The Project Gutenberg eBook of A Residence in France, exempt from the duties of his station, and has a right to insult and oppress his fellow citizens? All the weaknesses of humanity are flattered and called to the aid of this pernicious system of revolutionary ethics; and if France yet continue in a state of civilization, it is because Providence has not yet abandoned her to the influence of such a system. Taste is, I repeat it, as little a gainer by the revolution as morals. The pieces which were best calculated to form and refine the minds of the people, all abound with maxims of loyalty, with respect for religion, and the subordinations of civil society. These are all prohibited; and are replaced by fustian declamations, tending to promote anarchy and discord —by vulgar and immoral farces, and insidious and flattering panegyrics on the vices of low life. No drama can succeed that is not supported by the faction; and this support is to be procured only by vilifying the Throne, the Clergy, and Noblesse. This is a succedaneum for literary merit, and those who disapprove are menaced into silence; while the multitude, who do not judge but imitate, applaud with their leaders—and thus all their ideas become vitiated, and imbibe the corruption of their favourite amusement. I have dwelt on this subject longer than I intended; but as I would not be supposed prejudiced nor precipitate in my assertions, I will, by the first occasion, send you some of the most popular farces and tragedies: you may then decide yourself upon the tendency; and, by comparing the dispositions of the French before, and within, the last two years, you may also determine whether or not my conclusions are warranted by fact. Adieu.—Yours.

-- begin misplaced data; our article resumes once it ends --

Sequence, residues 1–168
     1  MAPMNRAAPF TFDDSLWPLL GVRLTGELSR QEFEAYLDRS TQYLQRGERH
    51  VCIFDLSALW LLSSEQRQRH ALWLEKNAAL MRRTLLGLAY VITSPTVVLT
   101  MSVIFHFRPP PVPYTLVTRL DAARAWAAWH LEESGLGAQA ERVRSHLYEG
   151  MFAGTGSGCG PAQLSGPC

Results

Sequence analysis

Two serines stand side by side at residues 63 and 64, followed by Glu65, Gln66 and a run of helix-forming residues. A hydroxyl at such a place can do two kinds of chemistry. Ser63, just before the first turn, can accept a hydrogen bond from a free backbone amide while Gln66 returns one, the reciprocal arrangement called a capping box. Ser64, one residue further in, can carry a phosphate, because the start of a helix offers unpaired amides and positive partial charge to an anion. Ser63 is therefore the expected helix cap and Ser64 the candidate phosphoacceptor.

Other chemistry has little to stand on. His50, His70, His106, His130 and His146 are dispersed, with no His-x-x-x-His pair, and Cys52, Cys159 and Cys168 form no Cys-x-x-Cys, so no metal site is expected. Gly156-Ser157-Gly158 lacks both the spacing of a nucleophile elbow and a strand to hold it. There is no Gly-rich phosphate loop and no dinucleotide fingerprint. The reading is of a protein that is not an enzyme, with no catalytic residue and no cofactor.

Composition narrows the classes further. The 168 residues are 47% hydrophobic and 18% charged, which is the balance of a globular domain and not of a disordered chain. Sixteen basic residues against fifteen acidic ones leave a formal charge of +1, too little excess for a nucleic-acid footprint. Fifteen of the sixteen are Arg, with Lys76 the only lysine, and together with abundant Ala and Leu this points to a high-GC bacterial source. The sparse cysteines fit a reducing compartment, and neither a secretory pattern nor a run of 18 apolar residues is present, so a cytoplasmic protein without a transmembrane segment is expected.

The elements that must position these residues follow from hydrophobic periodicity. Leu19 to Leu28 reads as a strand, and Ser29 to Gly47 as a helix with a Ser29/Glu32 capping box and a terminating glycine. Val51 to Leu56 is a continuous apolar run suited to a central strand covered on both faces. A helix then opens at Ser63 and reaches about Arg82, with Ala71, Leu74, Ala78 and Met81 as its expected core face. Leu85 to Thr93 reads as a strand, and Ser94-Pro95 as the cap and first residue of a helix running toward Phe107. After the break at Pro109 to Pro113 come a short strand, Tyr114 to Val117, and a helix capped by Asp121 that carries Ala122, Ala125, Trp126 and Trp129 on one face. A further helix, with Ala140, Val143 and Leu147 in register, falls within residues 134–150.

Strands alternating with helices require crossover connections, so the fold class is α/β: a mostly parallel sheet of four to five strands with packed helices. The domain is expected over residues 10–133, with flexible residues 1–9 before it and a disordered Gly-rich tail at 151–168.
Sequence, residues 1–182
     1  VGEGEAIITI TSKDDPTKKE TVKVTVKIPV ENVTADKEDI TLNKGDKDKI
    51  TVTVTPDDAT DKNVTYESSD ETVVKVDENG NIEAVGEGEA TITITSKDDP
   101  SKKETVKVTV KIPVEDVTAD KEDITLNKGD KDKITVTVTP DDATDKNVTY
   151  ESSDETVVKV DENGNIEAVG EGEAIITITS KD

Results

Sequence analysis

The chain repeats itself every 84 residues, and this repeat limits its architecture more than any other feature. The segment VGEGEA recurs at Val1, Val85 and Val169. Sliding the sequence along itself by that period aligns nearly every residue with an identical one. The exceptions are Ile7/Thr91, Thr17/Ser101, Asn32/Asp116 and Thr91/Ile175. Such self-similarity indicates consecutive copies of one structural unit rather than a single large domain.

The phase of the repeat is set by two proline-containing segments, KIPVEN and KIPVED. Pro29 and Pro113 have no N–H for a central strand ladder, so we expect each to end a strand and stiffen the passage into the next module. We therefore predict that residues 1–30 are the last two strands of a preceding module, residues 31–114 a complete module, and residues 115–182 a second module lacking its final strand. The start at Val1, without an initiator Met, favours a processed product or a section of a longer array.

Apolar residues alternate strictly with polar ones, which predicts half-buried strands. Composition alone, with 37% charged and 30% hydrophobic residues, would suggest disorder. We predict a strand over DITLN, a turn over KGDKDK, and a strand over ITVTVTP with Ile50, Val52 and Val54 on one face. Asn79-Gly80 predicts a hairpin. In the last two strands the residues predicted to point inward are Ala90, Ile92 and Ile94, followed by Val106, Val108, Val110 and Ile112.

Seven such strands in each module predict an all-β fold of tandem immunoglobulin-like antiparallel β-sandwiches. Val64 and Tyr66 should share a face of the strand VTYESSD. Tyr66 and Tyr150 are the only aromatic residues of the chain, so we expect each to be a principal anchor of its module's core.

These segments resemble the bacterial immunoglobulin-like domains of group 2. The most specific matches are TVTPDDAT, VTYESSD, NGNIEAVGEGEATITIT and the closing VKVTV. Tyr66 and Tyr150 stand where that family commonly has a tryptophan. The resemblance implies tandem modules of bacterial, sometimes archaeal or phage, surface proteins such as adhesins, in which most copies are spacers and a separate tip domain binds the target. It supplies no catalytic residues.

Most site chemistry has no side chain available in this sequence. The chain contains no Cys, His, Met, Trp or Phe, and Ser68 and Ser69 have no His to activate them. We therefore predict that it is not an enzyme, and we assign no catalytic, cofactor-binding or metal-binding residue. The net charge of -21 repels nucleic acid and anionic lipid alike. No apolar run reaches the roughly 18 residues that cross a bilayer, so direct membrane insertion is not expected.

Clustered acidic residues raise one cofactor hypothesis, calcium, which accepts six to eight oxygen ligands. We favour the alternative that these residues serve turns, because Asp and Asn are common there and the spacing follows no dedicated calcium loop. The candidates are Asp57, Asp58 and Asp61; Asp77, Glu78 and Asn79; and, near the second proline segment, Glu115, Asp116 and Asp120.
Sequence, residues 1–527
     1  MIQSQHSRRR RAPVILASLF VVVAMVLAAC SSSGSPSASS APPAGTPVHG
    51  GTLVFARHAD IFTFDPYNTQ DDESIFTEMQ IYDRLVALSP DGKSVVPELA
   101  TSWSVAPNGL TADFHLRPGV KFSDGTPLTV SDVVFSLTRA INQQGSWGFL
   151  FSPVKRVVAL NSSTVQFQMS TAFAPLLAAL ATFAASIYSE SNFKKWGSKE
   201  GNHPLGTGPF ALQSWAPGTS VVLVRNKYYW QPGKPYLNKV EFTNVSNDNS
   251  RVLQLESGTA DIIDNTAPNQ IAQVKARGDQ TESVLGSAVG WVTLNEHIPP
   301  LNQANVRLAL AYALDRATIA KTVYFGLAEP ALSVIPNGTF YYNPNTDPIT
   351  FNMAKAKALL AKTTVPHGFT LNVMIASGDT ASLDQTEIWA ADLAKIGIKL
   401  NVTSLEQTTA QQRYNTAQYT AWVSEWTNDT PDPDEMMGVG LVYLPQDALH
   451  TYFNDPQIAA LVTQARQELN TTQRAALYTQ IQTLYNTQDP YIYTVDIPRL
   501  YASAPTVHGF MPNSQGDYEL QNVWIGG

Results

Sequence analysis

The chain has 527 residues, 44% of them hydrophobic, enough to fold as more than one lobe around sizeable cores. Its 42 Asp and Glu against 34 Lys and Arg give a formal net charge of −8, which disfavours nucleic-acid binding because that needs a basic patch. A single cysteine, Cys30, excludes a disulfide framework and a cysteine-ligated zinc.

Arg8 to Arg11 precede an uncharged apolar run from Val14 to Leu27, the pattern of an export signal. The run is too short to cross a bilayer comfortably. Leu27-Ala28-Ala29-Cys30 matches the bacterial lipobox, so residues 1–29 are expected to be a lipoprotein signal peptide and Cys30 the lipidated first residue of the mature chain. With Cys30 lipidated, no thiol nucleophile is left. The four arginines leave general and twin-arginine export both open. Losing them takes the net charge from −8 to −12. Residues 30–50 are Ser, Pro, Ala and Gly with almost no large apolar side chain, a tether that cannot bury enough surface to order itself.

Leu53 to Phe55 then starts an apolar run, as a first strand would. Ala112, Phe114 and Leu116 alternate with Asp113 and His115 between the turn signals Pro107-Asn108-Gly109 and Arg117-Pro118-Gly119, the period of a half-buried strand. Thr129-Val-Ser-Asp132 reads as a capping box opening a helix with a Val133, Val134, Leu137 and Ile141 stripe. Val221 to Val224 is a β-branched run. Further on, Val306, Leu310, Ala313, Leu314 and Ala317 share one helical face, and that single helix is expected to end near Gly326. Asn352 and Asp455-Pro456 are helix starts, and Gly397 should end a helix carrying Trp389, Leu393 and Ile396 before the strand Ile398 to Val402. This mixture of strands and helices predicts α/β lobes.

Arras.
Our countrymen who visit France for the first time—their imaginations filled with the epithets which the vanity of one nation has appropriated, and the indulgence of the other sanctioned—are astonished to find this "land of elegance," this refined people, extremely inferior to the English in all the arts that minister to the comfort and accommodation of life. They are surprized to feel themselves starved by the intrusion of all the winds of heaven, or smothered by volumes of smoke—that no lock will either open or shut—that the drawers are all immoveable—and that neither chairs nor tables can be preserved in equilibrium. In vain do they inquire for a thousand conveniences which to them seem indispensible; they are not to be procured, or even their use is unknown: till at length, after a residence in a score of houses, in all of which they observe the same deficiencies, they begin to grow sceptical, to doubt the pretended superiority of France, and, perhaps for the first time, do justice to their own unassuming country. It must however, be confessed, that if the chimnies smoke, they are usually surrounded by marble—that the unstable chair is often covered with silk—and that if a room be cold, it is plentifully decked with gilding, pictures, and glasses.—In short, a French house is generally more showy than convenient, and seldom conveys that idea of domestic comfort which constitutes the luxury of an Englishman. I observe, that the most prevailing ornaments here are family portraits: almost every dwelling, even among the lower kind of tradesmen, is peopled with these ensigns of vanity; and the painters employed on these Arras. 47